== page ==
That shift occurred when the same friend John hiked with during his major fall came calling about an open spot at development studio Spark Unlimited. This was a career path John hadn’t really considered, yet still fulfilled that same desire born during his acting days to build something up from nothing, refine it, realize it, and move on to something else.
It was a risk, but John persuaded his then girlfriend, now wife that it was smart to leave a secure, full-time path as an electrical engineer — which he began to pursue after spurning acting — to jump into games. He quickly found his way into important meetings to better understand the production process and learn the many facets of game design first-hand, and his tireless work ethic propelled him from production assistant to associate producer midway through the project. However, about a month before Spark Unlimited’s Yaiba: Ninja Gaiden Z shipped, everyone was laid off.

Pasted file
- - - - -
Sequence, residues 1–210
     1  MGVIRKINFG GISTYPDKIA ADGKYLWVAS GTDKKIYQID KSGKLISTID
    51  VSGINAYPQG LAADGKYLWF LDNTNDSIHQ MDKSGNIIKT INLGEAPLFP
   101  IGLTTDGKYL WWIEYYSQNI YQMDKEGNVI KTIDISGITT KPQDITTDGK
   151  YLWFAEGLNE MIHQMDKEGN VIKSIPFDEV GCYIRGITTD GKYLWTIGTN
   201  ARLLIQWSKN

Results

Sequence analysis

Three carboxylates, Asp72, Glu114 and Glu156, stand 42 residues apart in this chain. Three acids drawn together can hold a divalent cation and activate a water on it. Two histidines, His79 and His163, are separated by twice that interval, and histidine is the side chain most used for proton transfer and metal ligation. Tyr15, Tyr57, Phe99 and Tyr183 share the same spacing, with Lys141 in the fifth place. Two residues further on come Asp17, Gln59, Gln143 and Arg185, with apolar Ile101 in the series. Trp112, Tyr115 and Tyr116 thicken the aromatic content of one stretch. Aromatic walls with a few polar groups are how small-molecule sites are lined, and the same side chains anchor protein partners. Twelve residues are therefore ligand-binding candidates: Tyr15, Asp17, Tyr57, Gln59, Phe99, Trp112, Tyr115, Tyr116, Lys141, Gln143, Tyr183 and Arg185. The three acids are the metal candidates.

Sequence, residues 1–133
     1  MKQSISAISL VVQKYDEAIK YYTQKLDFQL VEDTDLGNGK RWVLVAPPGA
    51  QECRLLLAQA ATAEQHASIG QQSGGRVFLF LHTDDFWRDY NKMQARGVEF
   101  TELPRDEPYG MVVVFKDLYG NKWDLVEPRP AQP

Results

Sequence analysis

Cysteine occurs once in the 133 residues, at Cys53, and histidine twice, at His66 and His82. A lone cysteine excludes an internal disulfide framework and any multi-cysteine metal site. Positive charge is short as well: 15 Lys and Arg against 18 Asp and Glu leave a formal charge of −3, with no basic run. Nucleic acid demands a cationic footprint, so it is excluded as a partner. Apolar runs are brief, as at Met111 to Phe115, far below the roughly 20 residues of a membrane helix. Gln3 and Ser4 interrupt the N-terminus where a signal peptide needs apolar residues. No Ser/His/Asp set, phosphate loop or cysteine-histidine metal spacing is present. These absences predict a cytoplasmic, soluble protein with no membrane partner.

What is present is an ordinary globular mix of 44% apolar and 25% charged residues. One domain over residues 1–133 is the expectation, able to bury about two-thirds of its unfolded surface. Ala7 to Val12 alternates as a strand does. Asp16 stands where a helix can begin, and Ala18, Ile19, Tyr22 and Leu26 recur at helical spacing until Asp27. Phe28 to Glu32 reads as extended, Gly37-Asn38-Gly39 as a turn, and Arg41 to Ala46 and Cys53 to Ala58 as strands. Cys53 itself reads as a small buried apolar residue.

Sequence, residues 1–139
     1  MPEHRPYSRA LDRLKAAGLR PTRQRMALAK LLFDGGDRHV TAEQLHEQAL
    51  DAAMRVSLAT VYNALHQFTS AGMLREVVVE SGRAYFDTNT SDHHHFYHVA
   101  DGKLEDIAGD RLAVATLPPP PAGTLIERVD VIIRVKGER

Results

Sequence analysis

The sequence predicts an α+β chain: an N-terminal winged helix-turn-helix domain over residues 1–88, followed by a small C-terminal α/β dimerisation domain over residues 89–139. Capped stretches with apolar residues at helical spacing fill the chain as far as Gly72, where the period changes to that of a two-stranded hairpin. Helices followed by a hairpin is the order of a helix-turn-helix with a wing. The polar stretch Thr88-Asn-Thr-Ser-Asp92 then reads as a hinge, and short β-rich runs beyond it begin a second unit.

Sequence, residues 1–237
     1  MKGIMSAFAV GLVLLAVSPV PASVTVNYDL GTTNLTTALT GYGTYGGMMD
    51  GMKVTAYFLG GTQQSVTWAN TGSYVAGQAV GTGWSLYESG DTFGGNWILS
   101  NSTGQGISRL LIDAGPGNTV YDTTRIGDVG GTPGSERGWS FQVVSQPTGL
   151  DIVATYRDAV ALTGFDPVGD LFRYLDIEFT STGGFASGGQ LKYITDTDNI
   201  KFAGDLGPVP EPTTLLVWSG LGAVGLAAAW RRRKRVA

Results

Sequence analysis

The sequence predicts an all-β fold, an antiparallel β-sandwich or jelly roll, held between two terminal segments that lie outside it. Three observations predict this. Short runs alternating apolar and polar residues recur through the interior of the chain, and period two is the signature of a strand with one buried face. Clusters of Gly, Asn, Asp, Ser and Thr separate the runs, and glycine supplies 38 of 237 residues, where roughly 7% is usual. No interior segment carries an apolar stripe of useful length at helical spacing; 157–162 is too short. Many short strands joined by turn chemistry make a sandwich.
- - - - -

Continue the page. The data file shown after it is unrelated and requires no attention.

Fortunately, the person who interviewed and hired him at Spark Unlimited was John Garcia-Shelton, who went on to found Tangentlemen with Cory Davis, Rich Smith, and Toby Gard. He was offered a job before too long and this time, the smaller team allowed for more creative and artistic freedom.